AC: As you mentioned, this is also going to be coming in the context of you being censured. What does this actually mean in practice? And how does this impact your ability to be a voice in the legislature and to represent your constituents?

SJ: So for context, October 7 happened. And then I waited three days. I thought that was even too long, because for anybody who was paying attention to what was going on at the time, by day three, you could see that the Rafah border was closed, white phosphorus was being used. Food and water weren’t allowed into the region. You could tell what was about to happen; that Israel, at that time, had genocidal intent.

So I looked around, and I saw that every other political leader in this country was saying that Israel had the right to defend itself, devoid of any context in terms of what was going on in Palestine. I’ve helped the [Boycott, Divestment, Sanctions] pass on my campus. I thought it was important to say something. I think the act of being censured for putting up the statement, calling for an immediate ceasefire, on Twitter and Instagram, was completely ridiculous, and completely about political theatre. It had nothing to do with what I actually said in my statement.

If you listen to the eight hours of debate about my statement, the Conservatives spent all of their time talking about decorum and me being a terrorist sympathizer without actually naming what I said in my statement. It sets a really terrible precedent that a majority government can just take someone’s right away to speak, using the censure process, even though censures are typically used to police the behaviour of someone in the house. This was about a thing outside the house, about something, they argue, we don’t even have jurisdiction over as a province. 

As I said, I come from a riding that is the poorest in the whole province. I’m also one of the very few elected Muslims [in the Ontario legislature].

These are people who constantly tout their right to speech and the right to say and do whatever they want to do for the good of the people. And then the minute it’s afforded to them, they don’t like what someone’s saying, or they disagree with what someone is saying, they can just take away that voice.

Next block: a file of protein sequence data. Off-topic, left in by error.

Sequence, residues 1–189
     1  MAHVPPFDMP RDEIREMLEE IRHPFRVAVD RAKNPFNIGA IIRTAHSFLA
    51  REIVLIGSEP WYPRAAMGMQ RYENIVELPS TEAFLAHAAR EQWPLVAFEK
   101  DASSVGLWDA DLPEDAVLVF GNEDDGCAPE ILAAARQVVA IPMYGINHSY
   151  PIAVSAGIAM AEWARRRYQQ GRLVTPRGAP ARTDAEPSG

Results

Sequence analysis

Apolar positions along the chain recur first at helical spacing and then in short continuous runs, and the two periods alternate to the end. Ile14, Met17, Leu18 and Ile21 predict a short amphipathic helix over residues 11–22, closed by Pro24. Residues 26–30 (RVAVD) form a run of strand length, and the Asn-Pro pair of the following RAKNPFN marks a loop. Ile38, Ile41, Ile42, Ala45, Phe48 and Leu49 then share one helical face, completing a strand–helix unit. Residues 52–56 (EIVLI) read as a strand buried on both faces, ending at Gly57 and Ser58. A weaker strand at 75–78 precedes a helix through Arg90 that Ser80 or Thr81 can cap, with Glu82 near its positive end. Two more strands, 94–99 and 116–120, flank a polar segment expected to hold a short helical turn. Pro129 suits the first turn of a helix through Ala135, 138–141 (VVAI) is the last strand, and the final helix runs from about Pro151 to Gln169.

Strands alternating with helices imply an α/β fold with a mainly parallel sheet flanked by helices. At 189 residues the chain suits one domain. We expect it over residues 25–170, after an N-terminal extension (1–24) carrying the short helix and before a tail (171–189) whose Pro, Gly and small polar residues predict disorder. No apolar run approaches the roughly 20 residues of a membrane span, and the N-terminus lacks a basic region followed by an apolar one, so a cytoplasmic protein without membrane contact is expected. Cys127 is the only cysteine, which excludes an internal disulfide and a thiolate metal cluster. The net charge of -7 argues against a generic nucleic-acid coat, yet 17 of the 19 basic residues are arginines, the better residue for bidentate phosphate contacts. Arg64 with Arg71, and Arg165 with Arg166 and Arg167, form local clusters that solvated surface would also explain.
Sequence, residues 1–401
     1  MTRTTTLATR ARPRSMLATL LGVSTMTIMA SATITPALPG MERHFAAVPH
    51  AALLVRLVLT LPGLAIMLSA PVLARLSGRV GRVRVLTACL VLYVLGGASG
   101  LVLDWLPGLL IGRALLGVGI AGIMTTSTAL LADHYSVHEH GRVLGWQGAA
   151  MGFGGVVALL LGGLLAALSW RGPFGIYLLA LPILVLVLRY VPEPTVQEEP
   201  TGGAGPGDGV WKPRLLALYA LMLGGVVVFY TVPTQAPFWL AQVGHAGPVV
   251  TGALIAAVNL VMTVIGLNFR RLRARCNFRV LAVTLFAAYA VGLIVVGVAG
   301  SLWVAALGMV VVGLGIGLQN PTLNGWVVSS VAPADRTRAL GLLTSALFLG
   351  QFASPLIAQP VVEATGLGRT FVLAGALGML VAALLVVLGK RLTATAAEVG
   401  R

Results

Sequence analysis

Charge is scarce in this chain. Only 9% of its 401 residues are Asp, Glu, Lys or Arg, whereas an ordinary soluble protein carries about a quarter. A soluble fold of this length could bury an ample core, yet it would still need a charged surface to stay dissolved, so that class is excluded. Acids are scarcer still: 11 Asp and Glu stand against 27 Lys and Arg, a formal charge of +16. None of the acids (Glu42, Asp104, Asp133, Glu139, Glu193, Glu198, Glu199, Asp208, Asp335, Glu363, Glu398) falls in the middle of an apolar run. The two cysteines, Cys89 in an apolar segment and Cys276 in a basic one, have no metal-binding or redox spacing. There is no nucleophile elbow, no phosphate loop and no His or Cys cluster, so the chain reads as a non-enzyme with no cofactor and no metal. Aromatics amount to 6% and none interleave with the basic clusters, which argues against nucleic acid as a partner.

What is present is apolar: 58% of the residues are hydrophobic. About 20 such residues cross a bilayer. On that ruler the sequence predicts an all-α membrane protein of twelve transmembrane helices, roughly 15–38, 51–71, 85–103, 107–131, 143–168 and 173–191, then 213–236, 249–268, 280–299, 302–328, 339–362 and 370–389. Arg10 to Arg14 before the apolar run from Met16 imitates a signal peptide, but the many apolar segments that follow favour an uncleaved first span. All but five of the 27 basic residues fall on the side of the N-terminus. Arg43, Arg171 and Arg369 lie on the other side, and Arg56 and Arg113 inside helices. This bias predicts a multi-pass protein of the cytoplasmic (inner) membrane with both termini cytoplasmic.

It’s before the courts; my first hearing date is on the 22nd, and I have intervenors on my behalf: The Canadian Civil Liberties Association, as well as a second group of intervenors — which is Independent Jewish Voices - Canada, the Jewish Faculty Network of Canada, and the Arab Canadian Lawyers Association. They will all be arguing that the courts have the right to weigh in. We’re not at the judicial review argument yet.

We’ll see where this ends up. I’m very hopeful that on the heels of the prime minister finally uttering the statement ‘we need a ceasefire’ that the censure will be overturned. And if it doesn’t, it’ll definitely get overturned when I’m re-elected in 2026. Until then, I’m able to still vote; I’m able to still participate in committee, which is where the bulk of legislative work actually happens. I don’t get my 30 second clip for Question Period, but that doesn’t mean I can’t do the job.

AC: Of course, you weren’t only censured; you were also kicked out of the Ontario NDP Caucus. Can you walk us through what happened there?

SJ: I think a lot of what was made public should have been handled internally. 

October 7 happened, and then I was watching very closely, as I tend to do. I have a history doing work supporting Palestinians, and I believe in a free Palestine. So that’s not new to anybody who elected me in my riding, or anybody who has worked with me as an organizer. This is not new information to the party, either. 

I watched every political leader in the country use the very dangerous language of Israel having the right to defend itself, and in the back of my mind, I was asking myself the question, ‘to defend itself against what?’ By day three, I was waiting to see if anyone who had put out statements about Israel was going to say anything about the right for Palestinians to exist, and access food and water, and to not have their houses decimated.

At the same time, Palestinians in my riding were sending me very long emails about their families being stuck under the rubble. And I had meaningfully tried to engage with [NDP] staff saying, ‘I would like to put something out. Can you work with me on what I’m going to put out?’ There was a lot of back and forth and constant rhetoric around strategy, and there is this idea that permeates across the party that there are some issues that don’t matter to everyone, and therefore we shouldn’t weigh in on them.

And at some point, I was like, you can see the genocidal intent. I’m getting letters from people in my riding; I understand how y’all calculate risks, but I think we need to show political courage; we need to show that political strategy doesn’t always have to supersede decisions based on morality. So that was the crux of the back and forth between myself and the staff.